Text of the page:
How to Install Bathroom Plumbing
Installing a new bathroom with a toilet, sink, and tub is a challenging do-it-yourself project. You'll need a thorough understanding of plumbing systems and techniques. Developing a sound plan and working with a good assistant will help ensure you get everything right. Check out all the individual tasks required in most bathroom installations, below. You'll get a good grip on what you can do yourself, and when you may need to enlist some help.
Getting a Handle on Bathroom Plumbing
The following sections show how to install the three major bathroom plumbing fixtures in a common configuration. You'll even find some variations on this basic arrangement. Your situation may call for pipe runs that differ from those shown, so you may need to develop a unique plan that suits your home.
You'll need a good understanding of the basic skills and techniques of plumbing. Pay special attention to the drain vents, and make sure you use pipe types and sizes that conform to code. If possible, hire a professional plumber to spend an hour or two giving you advice. This modest investment could save you time and money later.
Whether you are remodeling an existing bathroom or installing one in a new addition, you will need carpentry skills. Modifying framing sometimes can make the plumbing work easier. Plan and install the plumbing so it does as little damage as possible to joists and studs; reinforce any framing members that have been compromised. It's usually best to run any electrical lines after the plumbing has been installed.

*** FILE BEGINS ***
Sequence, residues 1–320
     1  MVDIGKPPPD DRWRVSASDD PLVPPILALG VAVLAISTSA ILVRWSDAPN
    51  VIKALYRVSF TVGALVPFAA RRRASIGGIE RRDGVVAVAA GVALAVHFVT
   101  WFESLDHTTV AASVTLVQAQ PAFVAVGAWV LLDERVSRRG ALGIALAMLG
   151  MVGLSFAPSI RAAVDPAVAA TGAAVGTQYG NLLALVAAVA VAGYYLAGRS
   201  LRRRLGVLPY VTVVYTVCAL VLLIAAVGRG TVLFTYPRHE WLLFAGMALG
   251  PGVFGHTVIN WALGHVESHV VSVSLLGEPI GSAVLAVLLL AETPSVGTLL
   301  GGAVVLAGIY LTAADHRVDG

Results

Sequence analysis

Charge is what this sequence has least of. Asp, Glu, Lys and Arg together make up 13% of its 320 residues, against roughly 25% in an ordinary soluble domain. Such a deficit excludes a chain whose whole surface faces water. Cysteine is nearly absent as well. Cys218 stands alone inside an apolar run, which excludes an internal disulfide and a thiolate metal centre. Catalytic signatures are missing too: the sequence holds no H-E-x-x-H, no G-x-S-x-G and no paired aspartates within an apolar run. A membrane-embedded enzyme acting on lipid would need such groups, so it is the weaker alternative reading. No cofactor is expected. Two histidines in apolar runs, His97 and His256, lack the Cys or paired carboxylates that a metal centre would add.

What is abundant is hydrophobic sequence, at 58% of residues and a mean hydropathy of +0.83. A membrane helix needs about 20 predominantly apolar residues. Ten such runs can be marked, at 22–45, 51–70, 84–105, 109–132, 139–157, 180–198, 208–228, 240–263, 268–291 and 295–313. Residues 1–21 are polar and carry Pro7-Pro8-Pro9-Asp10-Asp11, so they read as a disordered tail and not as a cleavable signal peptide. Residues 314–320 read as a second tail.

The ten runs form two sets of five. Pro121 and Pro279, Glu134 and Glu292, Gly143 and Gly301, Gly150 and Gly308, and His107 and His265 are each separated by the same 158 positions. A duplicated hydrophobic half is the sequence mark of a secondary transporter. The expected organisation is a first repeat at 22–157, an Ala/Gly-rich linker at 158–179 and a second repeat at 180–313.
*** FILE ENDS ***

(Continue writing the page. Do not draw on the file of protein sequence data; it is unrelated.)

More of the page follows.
Specifications for the placement of plumbing fixtures and the dimensions of pipes are intended to make the bathroom a comfortable space with plenty of capacity for incoming water and outgoing drains and vents. Before taking up a hammer or a drill, check out our specs for a well-planned layout. There may be codes and regulations you're not aware of.
Preparing the Site
You can't turn just any spare room or large closet into a bathroom. Whether you are framing a new space or remodeling an existing one, make sure the framing accommodates a bathroom's needs. Remove drywall or plaster from the areas where you will run plumbing. Clear out all cabinets, fixtures, and other obstructions. Check out our handy tips for everything you need to know.
Running Drain and Vent Lines
The first type of pipes you'll be working with are drain and vent lines. It is important that these be precise, so always do this step before moving on to supply pipes.
In this step, you'll learn how to run the main drain line, run individual drain lines, install vents, and more. This is something you can do on your own, but only if you have prior experience with running pipes through walls.
Running Copper Supply Lines
With drain and vent lines all set, it's time to try your hand at running copper supply lines. Check your local codes to see what type of material is recommended, though copper is preferred in most. In this step, you will be cutting, installing, and sweating pipes, so make sure you are comfortable doing so before beginning. We will walk you through all the necessary steps and offer solutions to common plumbing problems.